The law merely gives the parties an "opportunity to resolve the complaint" at the resolution session and does not guarantee that the dispute will actually be resolved. 20 U.S.C. § 1415(f)(1)(B)(i)(IV). Although the failure to have the appropriate personnel at the resolution meeting may have reduced the likelihood that the dispute could be settled without a due process hearing, there is no indication that the meeting would have been successful had DCPS complied with the regulations. Further, the resolution meeting has no effect on the timeline for the due process hearing. Although the resolution session shall occur within fifteen days of receiving notice of the complaint, id. § 1415(f)(1)(B)(i)(I), the due process hearing takes place thirty days after the receipt of the complaint, regardless of when the resolution session occurs, id. § 1415(f)(1)(B)(ii). Plaintiffs suffered no additional delay in their right to a due process hearing as a result of the unproductive resolution session. O.O.'s education was therefore not negatively impacted by this procedural violation.*fn5

B. Hearing Transcripts

The IDEA provides that the parents are entitled to "the right to a written . . . verbatim record" of the due process hearing. Id. § 1415(h)(3). Defendant's failure to produce an accurate transcript does constitute another procedural defect. However, a transcript riddled with errors does not by itself constitute a substantive denial of a FAPE. See Kingsmore v. Dist. of Columbia, 466 F.3d 118, 120 (D.C. Cir. 2006) (holding that an incomplete transcript of the due process hearing, which is "missing all of the cross examination of DCPS's expert, contained over 100 instances where the hearing officer's comments were 'inaudible,' and contained an 'audio break' of unknown duration," does not constitute a substantive denial of a FAPE). Here, however, plaintiffs also emphasize that "the delay in receiving [the transcripts] contributed to the violation of applicable timelines in this case." Pls.' Mot. at 20.

Plaintiffs again fail to show how O.O. suffered substantive harm as a result of this procedural violation. In fact, "[s]ince plaintiffs seek retrospective relief, in the form of tuition reimbursement, it is unclear how more timely access to the transcript would have helped." Schoenbach v. Dist. of Columbia, 309 F. Supp. 2d 71, 78-79 (D.D.C. 2004). Without a showing of substantive harm, this procedural violation also fails to establish the denial of a FAPE.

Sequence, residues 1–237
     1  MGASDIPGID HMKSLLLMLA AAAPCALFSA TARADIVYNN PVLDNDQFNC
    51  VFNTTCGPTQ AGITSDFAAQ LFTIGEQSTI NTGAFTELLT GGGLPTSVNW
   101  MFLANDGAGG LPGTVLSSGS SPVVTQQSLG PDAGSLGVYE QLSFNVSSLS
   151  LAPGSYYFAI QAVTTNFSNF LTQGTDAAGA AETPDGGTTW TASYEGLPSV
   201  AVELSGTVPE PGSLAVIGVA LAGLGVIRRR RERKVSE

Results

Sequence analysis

C. The Hearing Officer's Determination

Once DCPS receives a due process complaint, they have thirty days to resolve it before the due process hearing may occur. See 20 U.S.C. § 1415(f)(1)(B)(ii); 30 C.F.R. § 300.510(b)(1). A final decision must be reached in the hearing no more than forty-five days after this thirty-day period ends. 30 C.F.R. § 300.515(a)(1). In this case, the due process complaint was filed on September 14, 2006. Pls.' Stmt. ¶ 29. The Hearing Officer did not issue his final decision until November 5, 2007, more than a year after the due process complaint was filed. Id. ¶ 54.

The Court observes that much of the delay resulted from plaintiffs' own scheduling limitations, as well as the transcript errors described above.*fn6 Yet even accounting for the delays arguably beyond the Hearing Officer's control, he failed to issue a decision within 45 days of receiving all of the evidence, transcripts and closing arguments (the last of which was filed on August 9, 2007). Indeed, the 2006-2007 school year was over by the time the Hearing Officer actually issued his decision. He acknowledged that he "cannot justify the delay in completing the Decision within a reasonable period of time after receiving the closing arguments," but found no harm was caused to O.O. by the delay. Id. at 12. Defendants also offer no defense of the delay, noting only that the Administrative Record is almost one thousand pages long and that the Hearing Officer conducted a "thorough review" of it. Id.; Defs.' Opp'n at 21.

Assuming arguendo that some period of delay may be excluded based on extenuating circumstances, the delay here still unquestionably violated the procedures mandated by the IDEA. See Walker v. Dist. of Columbia, 157 F. Supp. 2d 11, 31-32 (D.D.C. 2001) (finding that passage of 121 days before a due process hearing decision was issued constituted a procedural violation of the IDEA). Once again, the Court must consider whether O.O. suffered educational harm as a result of this violation. As before, the Court concludes that the violation did not affect O.O.'s substantive rights. Indeed, no harm could result from the violation of the 45-day time limit because O.O. had already been withdrawn from DCPS and enrolled at Kingsbury before plaintiffs requested a hearing. See Razzaghi v. Dist. of Columbia, 2005 U.S. Dist. LEXIS 36771, at *29 (D.D.C. Sept. 28, 2005) (denying tuition reimbursement to plaintiffs who had transferred their child to a private school even though DCPS was willing and able to provide a FAPE). O.O. was not harmed by the delay because he was receiving a beneficial education throughout the process. Hence, DCPS's procedural violations must be "disregarded as harmless." Id. at *27 (quoting Hymes v. Dist. of Columbia, 2005 U.S. Dist. LEXIS 3032, at *10 (D.D.C. Mar. 2, 2005)).

Plaintiffs contend that DCPS cannot escape liability simply because O.O.'s parents can afford to place him at an appropriate school during the due process hearing. Pls.' Mot. at 22 (citing Blackman, 277 F. Supp. 2d at 80). There is some force to that observation. In Blackman, Judge Friedman supported this proposition, writing that "[a]ny other conclusion would require parents to deny their children an education altogether in order to protect their rights under the statute. The Court will not endorse such a perverse incentive." Blackman, 277 F. Supp. 2d at 80. Here, however, such incentives are not a concern. O.O.'s mother had enrolled him at Kingsbury well before the 45-day time limit even began running.*fn7